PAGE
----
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EP/I011870/1 - Coordination Chemistry for Energy and Our Sustainable Futures (ChemEnSus)

Research Perspectives grant details from EPSRC portfolio

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Professor M Schroder EP/I011870/1 - Coordination Chemistry for Energy and Our Sustainable Futures (ChemEnSus)

Principal Investigator - Sch of Chemistry, University of Nottingham

Other Investigators

Professor PH Beton, Co InvestigatorProfessor PH Beton

Dr E Bichoutskaia, Co InvestigatorDr E Bichoutskaia

Professor NR Champness, Co InvestigatorProfessor NR Champness

Professor WIF David, Co InvestigatorProfessor WIF David

Professor KM Thomas, Co InvestigatorProfessor KM Thomas

Scheme

Programme Grants

Research Areas

Chemical Structure Chemical Structure

Surface Science Surface Science

Synthetic Coordination Chemistry Synthetic Coordination Chemistry

Start Date

06/2011

End Date

06/2016

Value

£4,157,587

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Grant Description

Summary and Description of the grant

This high-impact, challenging proposal brings together innovative ideas in coordination chemistry within a single inter and multidisciplinary project to open up new horizons across molecular, nanoscale and materials science. Our VISION is to apply coordination chemistry to the design and preparation of new multi-functional porous materials to deliver fundamental scientific and technological advances, and provide innovative solutions to one of the key issues of the 21st Century, that of clean, renewable energy. This will be achieved by creating paradigm shifts in the control of chemical hierarchy and interactions within the confined and multi-functionalized space generated by designed porous metal-organic framework (MOF) materials. Our STRATEGY is thus to develop a world-leading, overarching and fundamental research program with critical mass across complementary areas of physical sciences and engineering through the expertise and collaboration of six research groups. We target inter-related studies on i. porosity in the solid state in self-assembled hybrid materials for gas and volatile organic compound (voc) storage, sequestration and reactivity; ii. porosity in membranes for gas separations and purification for fuel cell applications; and iii. porosity at surfaces for sensing devices and applications. After 5 years we will deliver high capacity hydrogen storage materials that function at ambient temperatures. This will overcome a current major technological barrier unlocking the potential of hydrogen as a viable, clean replacement for fossil fuels and enabling the Hydrogen Economy to become a reality. The impact and significance of such ground-breaking advances will be huge. Our need and reliance upon fossil fuels for transport would be slashed and a new clean energy vector based on the hydrogen fuel cell with zero carbon emissions at the point of use would be achieved. However, fuel cells are notoriously sensitive to gas purity, and thus, in order to realise our overall ambition, we must also understand how hydrogen and other contaminant/competitor substrates, such as other gases, water and vocs from biomass and water electrolysis, interact, bind and are sensed within hybrid materials. Thus, issues of removal, purification, transport and sensing of hydrogen and its contaminants represent fundamental scientific and technological challenges that go hand-in-hand with the huge challenge of hydrogen storage. Programme Grant funding will support the scientific, intellectual and technological inter-dependence of the cross-disciplinary research strands of synthesis, characterisation, storage, purification and sensing. It will support the necessary coordinated and interactive effort to undertake fundamental studies and analysis of how assembled porosity behaves and how it can be controlled at different regime levels, at the micro-, meso- and macro- levels. Four inter-linked research THEMES are identified within the programme: 1. Core fundamental science: synthesis, assembly, modelling and characterisation; 2. Properties and function: gas and voc uptake, selectivity and reactivity; 3 Gas sieving, fuel cell membranes, theory, analysis and multi-scale modelling; 4. Surface templating and sensing devices.The programme of work demands the managerial and financial flexibility and freedom that consolidated funding brings in order to deliver transformative and disruptive research. The training of 10 PDRA- and 15 PhD-level scientists for future employment in the UK will be delivered in an exciting, stimulating and curiosity-driven environment. This will be interlinked to appropriate and extensive knowledge transfer and outreach activities to maximise the impact of research outputs. The application is underpinned by significant funding of 24.2M in current research income held by the PI and CIs, and by 4.57M of matched funding reflecting the unequivocal support of the host institutions for this proposal.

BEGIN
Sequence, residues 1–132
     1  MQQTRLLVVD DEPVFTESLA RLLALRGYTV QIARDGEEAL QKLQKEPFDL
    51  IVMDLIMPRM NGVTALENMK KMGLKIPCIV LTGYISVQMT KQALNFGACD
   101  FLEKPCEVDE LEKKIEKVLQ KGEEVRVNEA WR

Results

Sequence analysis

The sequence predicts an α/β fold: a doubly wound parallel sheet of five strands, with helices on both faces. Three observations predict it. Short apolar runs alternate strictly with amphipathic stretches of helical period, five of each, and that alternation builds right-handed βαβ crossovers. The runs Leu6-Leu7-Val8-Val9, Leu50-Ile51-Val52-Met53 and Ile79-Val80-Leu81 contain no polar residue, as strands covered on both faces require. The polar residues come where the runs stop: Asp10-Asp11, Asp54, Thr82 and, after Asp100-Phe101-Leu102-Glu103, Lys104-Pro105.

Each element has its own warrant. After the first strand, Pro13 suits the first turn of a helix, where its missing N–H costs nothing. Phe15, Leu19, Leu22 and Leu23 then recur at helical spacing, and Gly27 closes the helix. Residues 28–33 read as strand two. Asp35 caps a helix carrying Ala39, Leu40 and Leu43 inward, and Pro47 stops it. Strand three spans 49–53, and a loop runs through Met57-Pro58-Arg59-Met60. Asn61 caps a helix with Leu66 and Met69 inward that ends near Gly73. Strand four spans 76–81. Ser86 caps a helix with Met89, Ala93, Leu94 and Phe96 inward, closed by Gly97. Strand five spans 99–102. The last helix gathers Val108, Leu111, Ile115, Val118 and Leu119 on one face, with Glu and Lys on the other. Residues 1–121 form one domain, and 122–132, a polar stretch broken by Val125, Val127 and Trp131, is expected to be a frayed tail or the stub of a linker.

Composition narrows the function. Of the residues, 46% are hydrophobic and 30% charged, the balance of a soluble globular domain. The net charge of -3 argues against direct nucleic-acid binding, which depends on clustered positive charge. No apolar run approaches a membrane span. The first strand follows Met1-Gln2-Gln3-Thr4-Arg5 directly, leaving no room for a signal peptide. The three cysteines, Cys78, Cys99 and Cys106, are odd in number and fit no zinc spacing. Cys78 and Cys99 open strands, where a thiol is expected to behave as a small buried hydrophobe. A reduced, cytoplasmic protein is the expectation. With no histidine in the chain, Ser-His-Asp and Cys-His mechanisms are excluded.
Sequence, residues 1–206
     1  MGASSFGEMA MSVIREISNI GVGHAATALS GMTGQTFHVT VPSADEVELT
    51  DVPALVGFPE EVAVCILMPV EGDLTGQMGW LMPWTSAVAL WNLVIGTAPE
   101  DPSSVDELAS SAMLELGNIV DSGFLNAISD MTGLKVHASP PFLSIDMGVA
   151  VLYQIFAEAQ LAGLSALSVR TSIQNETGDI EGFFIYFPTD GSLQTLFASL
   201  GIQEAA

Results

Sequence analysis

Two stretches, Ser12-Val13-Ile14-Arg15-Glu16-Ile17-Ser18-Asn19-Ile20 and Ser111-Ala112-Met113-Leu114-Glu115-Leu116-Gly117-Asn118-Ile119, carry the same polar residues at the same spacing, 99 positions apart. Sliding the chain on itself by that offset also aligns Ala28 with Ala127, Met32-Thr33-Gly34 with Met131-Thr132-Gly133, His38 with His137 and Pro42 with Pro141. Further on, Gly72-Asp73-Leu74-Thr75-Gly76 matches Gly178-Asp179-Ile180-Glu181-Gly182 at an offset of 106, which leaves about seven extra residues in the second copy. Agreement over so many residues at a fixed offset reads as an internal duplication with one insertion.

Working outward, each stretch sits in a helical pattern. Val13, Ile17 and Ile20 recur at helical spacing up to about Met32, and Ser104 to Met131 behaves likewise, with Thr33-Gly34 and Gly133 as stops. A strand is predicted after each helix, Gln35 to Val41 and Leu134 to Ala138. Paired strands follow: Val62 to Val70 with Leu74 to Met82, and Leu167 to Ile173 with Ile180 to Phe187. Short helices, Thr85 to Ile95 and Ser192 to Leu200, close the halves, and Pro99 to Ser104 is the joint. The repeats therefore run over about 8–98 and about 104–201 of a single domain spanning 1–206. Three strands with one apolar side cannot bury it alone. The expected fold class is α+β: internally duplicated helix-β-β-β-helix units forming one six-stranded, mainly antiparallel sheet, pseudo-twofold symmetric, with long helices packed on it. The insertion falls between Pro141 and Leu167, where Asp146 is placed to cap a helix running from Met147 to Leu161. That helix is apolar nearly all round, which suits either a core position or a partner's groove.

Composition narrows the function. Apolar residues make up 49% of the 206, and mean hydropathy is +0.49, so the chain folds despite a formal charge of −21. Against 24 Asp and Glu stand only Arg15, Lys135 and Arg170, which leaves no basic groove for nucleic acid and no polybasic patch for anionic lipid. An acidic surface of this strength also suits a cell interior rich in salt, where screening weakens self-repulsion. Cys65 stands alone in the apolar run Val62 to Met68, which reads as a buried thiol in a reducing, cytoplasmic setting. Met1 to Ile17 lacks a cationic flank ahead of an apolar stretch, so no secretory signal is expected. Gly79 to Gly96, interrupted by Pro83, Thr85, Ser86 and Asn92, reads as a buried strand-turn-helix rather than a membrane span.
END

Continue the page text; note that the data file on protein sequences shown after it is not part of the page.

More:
Structured Data / Microdata


Grant Event Details:
Name: Coordination Chemistry for Energy and Our Sustainable Futures (ChemEnSus) - EP/I011870/1
Start Date: 2011-06-09T00:00:00+00:00
End Date: 2016-06-08T00:00:00+00:00

Organization: University of Nottingham

Description: This high-impact, challenging proposal brings together innovative ideas in coordination chemistry within a single inter and multidisciplinary project to open up new horizons across molecular, nanoscale and materials science. Our VISION is to apply coordina ...